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Thread: Little black diamond

  1. #1
    Join Date
    Jan 2014

    Little black diamond

    OK I am stumped...sitting in my workshop, didn't really have a project to do, so I am drinking a beer and bored silly...I started looking at a new tape measure I picked up a Standley 16 ft, got tired of using my other tapes all 25 footers, needed something a little smaller...anyways it had all the standard stuff, markers for feet, red marker for studs, 16 in on center . tested out the break range about 5 foot or so etc... but got to looking and there was these little tiny black diamonds at 19 and 3/16th inch ..every 19 3/16 inch... so I got to looking and all my tapes had it too, except for the really old ones, more the 30 years old have no idea what the significant's is for 19 and 3/16 inch, but it must be something recent, because years ago no body cared. Can anyone educate me, been scratching head, why do I need to know that particular distance on my tape measure...
    Last edited by Mark E Smith; 03-02-2016 at 10:49 PM.

  2. #2
    Join Date
    Dec 2006
    Independence, Kentucky
    They are for engineered joists or whatever the proper name for them is i believe.
    I'm supposed to respect my elders, but its getting harder and harder for me to find one now.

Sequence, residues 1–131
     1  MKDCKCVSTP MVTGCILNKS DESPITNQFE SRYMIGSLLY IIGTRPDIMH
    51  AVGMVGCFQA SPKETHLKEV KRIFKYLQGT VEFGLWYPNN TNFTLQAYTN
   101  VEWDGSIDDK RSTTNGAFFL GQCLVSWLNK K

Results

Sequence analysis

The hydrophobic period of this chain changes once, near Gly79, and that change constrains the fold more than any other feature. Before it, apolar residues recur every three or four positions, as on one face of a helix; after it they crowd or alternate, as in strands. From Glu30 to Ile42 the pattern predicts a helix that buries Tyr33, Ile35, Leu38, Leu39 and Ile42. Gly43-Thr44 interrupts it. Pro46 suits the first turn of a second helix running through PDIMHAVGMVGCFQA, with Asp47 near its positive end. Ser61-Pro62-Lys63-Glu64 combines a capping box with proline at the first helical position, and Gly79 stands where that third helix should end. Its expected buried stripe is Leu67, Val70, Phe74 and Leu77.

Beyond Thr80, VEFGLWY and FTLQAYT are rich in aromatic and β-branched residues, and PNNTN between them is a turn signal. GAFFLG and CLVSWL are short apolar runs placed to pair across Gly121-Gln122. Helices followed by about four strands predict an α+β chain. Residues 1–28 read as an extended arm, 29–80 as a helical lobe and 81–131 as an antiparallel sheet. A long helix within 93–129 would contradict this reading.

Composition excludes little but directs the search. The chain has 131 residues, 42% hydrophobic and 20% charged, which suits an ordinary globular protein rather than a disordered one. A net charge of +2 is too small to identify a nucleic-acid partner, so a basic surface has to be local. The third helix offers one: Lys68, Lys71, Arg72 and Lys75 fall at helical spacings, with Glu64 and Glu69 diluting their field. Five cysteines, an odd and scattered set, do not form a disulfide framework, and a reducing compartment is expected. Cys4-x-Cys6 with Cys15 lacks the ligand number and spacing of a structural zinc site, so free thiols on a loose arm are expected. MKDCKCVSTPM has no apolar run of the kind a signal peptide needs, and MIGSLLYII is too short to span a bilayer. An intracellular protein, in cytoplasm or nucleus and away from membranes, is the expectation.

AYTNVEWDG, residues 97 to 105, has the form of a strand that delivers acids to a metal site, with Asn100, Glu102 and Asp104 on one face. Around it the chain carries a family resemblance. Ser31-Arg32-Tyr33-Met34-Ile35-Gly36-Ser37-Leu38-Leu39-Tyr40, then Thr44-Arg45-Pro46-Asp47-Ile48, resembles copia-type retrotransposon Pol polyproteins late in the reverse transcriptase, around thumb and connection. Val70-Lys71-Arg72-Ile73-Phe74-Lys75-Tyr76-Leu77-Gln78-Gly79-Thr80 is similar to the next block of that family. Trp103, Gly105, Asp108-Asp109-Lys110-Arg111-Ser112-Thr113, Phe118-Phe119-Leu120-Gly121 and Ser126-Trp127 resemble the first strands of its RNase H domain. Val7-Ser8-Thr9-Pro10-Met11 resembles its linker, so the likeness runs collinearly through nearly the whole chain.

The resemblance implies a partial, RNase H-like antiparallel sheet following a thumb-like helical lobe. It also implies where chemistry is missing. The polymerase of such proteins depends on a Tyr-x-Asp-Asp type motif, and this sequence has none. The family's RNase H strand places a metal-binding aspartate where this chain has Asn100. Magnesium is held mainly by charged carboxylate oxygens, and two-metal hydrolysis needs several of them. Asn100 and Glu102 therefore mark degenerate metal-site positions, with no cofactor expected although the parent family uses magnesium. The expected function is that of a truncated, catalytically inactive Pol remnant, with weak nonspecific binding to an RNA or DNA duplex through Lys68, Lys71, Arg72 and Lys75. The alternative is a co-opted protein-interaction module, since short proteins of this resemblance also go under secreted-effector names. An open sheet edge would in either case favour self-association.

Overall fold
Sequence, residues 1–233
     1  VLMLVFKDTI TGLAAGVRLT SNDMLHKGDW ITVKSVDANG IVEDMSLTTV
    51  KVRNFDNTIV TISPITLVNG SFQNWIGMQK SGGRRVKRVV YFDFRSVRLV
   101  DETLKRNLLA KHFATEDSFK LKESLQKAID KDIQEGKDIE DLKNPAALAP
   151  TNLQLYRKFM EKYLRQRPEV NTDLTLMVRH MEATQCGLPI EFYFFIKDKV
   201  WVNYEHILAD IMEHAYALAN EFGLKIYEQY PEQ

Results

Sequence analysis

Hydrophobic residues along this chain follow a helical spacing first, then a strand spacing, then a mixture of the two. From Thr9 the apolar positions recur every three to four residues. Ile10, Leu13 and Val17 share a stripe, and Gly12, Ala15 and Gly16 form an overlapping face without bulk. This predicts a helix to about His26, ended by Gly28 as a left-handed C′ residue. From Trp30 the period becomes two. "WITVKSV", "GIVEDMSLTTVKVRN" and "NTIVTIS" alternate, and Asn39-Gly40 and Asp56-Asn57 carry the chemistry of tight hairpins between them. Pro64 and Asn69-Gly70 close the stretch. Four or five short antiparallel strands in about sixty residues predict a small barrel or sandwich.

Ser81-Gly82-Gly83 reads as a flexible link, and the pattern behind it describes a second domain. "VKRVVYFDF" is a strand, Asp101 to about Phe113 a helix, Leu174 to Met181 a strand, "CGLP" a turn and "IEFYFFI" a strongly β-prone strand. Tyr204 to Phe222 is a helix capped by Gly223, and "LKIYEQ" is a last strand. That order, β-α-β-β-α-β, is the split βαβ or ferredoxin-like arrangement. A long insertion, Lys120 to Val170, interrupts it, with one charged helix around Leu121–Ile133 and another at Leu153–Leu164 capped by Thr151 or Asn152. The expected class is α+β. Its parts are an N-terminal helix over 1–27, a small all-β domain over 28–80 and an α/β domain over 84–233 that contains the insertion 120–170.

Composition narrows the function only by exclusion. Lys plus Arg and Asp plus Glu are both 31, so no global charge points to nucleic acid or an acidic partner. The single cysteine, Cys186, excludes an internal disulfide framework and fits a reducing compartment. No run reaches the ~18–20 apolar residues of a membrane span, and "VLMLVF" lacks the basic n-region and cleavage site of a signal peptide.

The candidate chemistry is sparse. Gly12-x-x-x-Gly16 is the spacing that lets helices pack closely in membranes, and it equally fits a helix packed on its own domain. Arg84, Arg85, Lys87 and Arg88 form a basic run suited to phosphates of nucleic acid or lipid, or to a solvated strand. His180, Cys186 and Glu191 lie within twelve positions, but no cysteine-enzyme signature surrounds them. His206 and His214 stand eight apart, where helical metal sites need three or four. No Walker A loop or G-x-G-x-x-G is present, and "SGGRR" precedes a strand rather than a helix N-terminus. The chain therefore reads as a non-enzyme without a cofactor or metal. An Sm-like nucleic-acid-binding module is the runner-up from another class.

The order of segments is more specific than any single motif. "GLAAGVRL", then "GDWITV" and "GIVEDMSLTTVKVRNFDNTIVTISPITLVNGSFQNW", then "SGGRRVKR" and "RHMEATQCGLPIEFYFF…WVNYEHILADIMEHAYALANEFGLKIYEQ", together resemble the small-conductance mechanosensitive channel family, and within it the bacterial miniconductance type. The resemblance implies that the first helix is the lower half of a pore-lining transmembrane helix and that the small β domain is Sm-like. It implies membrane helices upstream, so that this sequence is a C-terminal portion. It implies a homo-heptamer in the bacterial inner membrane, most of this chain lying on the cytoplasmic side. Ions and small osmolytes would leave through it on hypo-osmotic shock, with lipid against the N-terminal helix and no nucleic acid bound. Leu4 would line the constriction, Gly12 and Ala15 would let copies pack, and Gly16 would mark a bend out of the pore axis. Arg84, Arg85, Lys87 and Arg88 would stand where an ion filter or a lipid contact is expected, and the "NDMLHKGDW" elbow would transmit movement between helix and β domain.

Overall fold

3. #3
    Join Date
    May 2007
    Kansas City, Missouri
    From Stanley: The black diamond marks every 19.2" on our tape rule blades are for spacing Engineered Lumber joists and studs. Several wood product manufacturers offer Engineered Lumber as a substitute for conventional lumber. Span tables for these lumber products provide ratings for spacing of 12in., 16in., 19-3/16in., and 24in. If you multiply these dimensions by 8, 6, 5 and 4, respectively, you'll notice that you come up with 96in., the length of the panels that will be used for sub-flooring or sheathing. Engineered Lumber is usually specified by the architects and engineers who draw the plans. They take advantage of its strength by using fewer joists or studs where codes allow.

    To a small child, the perfect granddad is unafraid of big dogs and fierce storms but absolutely terrified of the word “boo.” – Robert Brault

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